contains unicode in another unicode string

    I am now using __repr__ = unicode(self).encode("utf-8")
    but it give error anyway
  • J. Cliff Dyer at May 8, 2009 at 7:04 pm

    On Fri, 2009-05-08 at 07:53 -0700, anuraguniyal at yahoo.com wrote:
    #how can I print a list of object which may return unicode
    representation?
    # -*- coding: utf-8 -*-

    class A(object):

    def __unicode__(self):
    return u"?au"

    __str__ = __repr__ = __unicode__
    Your __str__ and __repr__ methods don't return strings. You should
    encode your unicode to the encoding you want before you try to print it.

    class A(object):
    def __unicode__(self):
    return u"?au"

    def get_utf8_repr(self):
    return self.__unicode__().encode('utf-8')

    def get_koi8_repr(self):
    return self.__unicode__().encode('koi-8')

    __str__ = __repr__ = self.get_utf8_repr
    a = A()

    try:
    print a # doesn't work?
    except UnicodeEncodeError,e:
    print e
    try:
    print unicode(a) # works, ok fine, great
    except UnicodeEncodeError,e:
    print e
    try:
    print unicode([a]) # what!!!! doesn't work?
    except UnicodeEncodeError,e:
    print e
    """
    Now how can I print a list of object which may return unicode
    representation?
    loop/map is not an option as it goes much deepr in my real code
    any can anyoen explain what is happening here under the hood?
    """
    --
    http://mail.python.org/mailman/listinfo/python-list
  • Piet van Oostrum at May 8, 2009 at 9:22 pm

    "J. Cliff Dyer" (JCD) a ?crit:
    JCD> On Fri, 2009-05-08 at 07:53 -0700, anuraguniyal at yahoo.com wrote:
    #how can I print a list of object which may return unicode
    representation?
    # -*- coding: utf-8 -*-

    class A(object):

    def __unicode__(self):
    return u"?au"

    __str__ = __repr__ = __unicode__
    JCD> Your __str__ and __repr__ methods don't return strings. You should
    JCD> encode your unicode to the encoding you want before you try to print it.
    JCD> class A(object):
    JCD> def __unicode__(self):
    JCD> return u"?au"
    JCD> def get_utf8_repr(self):
    JCD> return self.__unicode__().encode('utf-8')
    JCD> def get_koi8_repr(self):
    JCD> return self.__unicode__().encode('koi-8')
    JCD> __str__ = __repr__ = self.get_utf8_repr
    It might be nicer to have a method that specifies the encoding to be
    used in order to make switching encodings easier:

    *untested code*

    class A(object):
    def __unicode__(self):
    return u"?au"

    def set_encoding(self, encoding):
    self._encoding = encoding

    def __repr__(self):
    return self.__unicode__().encode(self._encoding)

    __str__ = __repr__

    Of course this feels very wrong because the encoding should be chosen when
    the string goes to the output channel, i.e. outside of the object.
    Unfortunately this is one of the leftovers from Python's pre-unicode
    heritage. Hopefully in Python3 this will work without problems. Anyway,
    in Python 3 the string type is unicode, so at least __repr__ can return
    unicode.
    --
    Piet van Oostrum <piet at cs.uu.nl>
    URL: http://pietvanoostrum.com [PGP 8DAE142BE17999C4]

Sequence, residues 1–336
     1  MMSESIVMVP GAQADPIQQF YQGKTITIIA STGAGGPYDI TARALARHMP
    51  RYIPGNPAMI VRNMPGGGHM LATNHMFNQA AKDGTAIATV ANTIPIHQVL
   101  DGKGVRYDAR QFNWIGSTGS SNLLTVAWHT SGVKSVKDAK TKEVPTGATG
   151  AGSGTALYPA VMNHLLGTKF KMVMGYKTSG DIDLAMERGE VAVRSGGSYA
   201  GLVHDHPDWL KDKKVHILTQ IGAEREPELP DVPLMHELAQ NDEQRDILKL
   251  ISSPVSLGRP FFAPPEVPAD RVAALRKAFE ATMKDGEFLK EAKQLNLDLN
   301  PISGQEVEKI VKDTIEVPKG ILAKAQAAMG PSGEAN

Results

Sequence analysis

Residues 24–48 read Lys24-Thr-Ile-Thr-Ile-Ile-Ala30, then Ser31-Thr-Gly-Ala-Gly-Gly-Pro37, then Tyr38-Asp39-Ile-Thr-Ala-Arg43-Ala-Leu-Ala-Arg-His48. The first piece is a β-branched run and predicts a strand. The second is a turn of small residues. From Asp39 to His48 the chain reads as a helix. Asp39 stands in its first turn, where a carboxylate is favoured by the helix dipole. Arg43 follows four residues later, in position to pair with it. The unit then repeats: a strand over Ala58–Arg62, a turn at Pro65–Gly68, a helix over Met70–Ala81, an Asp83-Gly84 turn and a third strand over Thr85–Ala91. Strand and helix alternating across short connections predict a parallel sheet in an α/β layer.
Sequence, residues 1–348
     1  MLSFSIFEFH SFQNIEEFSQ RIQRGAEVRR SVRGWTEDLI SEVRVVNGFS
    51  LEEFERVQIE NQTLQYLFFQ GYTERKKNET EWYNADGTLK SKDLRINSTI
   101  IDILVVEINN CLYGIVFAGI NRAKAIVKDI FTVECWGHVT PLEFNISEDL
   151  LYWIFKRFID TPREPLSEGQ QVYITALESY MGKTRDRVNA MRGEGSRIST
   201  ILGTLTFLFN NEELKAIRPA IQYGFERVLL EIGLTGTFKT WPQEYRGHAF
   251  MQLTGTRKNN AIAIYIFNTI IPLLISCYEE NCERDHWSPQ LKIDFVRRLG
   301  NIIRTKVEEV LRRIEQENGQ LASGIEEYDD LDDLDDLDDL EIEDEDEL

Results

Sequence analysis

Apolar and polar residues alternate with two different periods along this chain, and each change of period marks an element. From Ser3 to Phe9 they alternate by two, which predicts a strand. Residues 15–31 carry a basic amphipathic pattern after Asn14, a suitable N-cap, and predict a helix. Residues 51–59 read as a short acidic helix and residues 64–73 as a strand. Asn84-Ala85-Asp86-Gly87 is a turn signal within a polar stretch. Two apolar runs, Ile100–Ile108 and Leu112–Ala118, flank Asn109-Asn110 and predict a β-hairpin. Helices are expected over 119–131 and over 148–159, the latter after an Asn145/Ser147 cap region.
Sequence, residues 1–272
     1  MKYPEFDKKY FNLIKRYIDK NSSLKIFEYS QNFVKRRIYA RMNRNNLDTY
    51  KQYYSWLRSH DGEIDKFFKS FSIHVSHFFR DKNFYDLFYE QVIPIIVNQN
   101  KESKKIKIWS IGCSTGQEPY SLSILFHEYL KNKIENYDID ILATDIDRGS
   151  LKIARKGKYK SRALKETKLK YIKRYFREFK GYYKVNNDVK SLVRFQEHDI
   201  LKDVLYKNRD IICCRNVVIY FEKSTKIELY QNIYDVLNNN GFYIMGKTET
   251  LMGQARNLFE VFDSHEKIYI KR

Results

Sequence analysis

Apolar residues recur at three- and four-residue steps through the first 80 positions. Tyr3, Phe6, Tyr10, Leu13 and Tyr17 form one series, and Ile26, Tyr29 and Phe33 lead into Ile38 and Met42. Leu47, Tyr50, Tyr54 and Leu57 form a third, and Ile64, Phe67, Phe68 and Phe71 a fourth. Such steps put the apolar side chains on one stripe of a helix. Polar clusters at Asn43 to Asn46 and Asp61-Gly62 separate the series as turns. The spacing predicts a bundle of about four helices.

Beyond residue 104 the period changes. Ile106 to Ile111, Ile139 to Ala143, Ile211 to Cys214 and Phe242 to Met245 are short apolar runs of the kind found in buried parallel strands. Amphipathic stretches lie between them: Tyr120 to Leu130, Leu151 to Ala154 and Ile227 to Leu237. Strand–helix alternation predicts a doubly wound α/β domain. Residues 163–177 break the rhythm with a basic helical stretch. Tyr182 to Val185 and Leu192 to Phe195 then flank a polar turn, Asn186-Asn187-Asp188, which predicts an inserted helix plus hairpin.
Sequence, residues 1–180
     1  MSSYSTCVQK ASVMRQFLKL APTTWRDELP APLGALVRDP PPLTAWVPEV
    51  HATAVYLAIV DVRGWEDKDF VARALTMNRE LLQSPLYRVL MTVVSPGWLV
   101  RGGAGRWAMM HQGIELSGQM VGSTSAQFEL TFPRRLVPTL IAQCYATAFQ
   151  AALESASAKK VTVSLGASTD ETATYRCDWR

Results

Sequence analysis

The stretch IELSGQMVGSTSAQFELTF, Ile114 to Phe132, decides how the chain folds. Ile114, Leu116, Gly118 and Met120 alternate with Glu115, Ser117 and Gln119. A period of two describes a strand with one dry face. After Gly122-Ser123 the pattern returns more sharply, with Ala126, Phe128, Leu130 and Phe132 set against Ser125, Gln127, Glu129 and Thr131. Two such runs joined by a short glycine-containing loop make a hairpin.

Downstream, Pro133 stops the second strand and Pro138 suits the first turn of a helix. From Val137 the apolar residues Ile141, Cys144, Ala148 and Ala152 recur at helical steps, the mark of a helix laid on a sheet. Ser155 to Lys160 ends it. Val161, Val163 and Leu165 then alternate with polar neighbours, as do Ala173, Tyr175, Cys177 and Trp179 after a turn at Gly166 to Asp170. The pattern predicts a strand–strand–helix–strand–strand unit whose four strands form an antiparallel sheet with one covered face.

Private email: piet at vanoostrum.org
  • Anuraguniyal at May 9, 2009 at 7:04 am
    also not sure why (python 2.5)
    print a # works
    print unicode(a) # works
    print [a] # works
    print unicode([a]) # doesn't works
  • Piet van Oostrum at May 9, 2009 at 12:01 pm

    "anuraguniyal at yahoo.com" (ac) a ?crit:
    ac> also not sure why (python 2.5)
    ac> print a # works
    ac> print unicode(a) # works
    ac> print [a] # works
    ac> print unicode([a]) # doesn't works
    Which code do you use now?

    And what does this print?

    import sys
    print sys.stdout.encoding
    --
    Piet van Oostrum <piet at cs.uu.nl>
    URL: http://pietvanoostrum.com [PGP 8DAE142BE17999C4]
    Private email: piet at vanoostrum.org
  • J. Clifford Dyer at May 9, 2009 at 3:26 pm
    You're still not asking questions in a way that we can answer them.

    Define "Doesn't work." Define "a".

    On Sat, 2009-05-09 at 00:04 -0700, anuraguniyal at yahoo.com wrote:
    also not sure why (python 2.5)
    print a # works
    print unicode(a) # works
    print [a] # works
    print unicode([a]) # doesn't works
    --
    http://mail.python.org/mailman/listinfo/python-list
  • Anuraguniyal at May 9, 2009 at 3:37 pm
    Sorry being unclear again, hmm I am becoming an expert in it.

    I pasted that code as continuation of my old code at start
    i.e
    class A(object):
    def __unicode__(self):
    return u"?au"

    def __repr__(self):
    return unicode(self).encode("utf-8")
    __str__ = __repr__

    doesn't work means throws unicode error
    my question boils down to
    what is diff between, why one doesn't throws error and another does
    print unicode(a)
    vs
    print unicode([a])
  • Steven D'Aprano at May 9, 2009 at 4:08 pm

    On Sat, 09 May 2009 08:37:59 -0700, anuraguniyal at yahoo.com wrote:

    Sorry being unclear again, hmm I am becoming an expert in it.

    I pasted that code as continuation of my old code at start i.e
    class A(object):
    def __unicode__(self):
    return u"?au"

    def __repr__(self):
    return unicode(self).encode("utf-8")
    __str__ = __repr__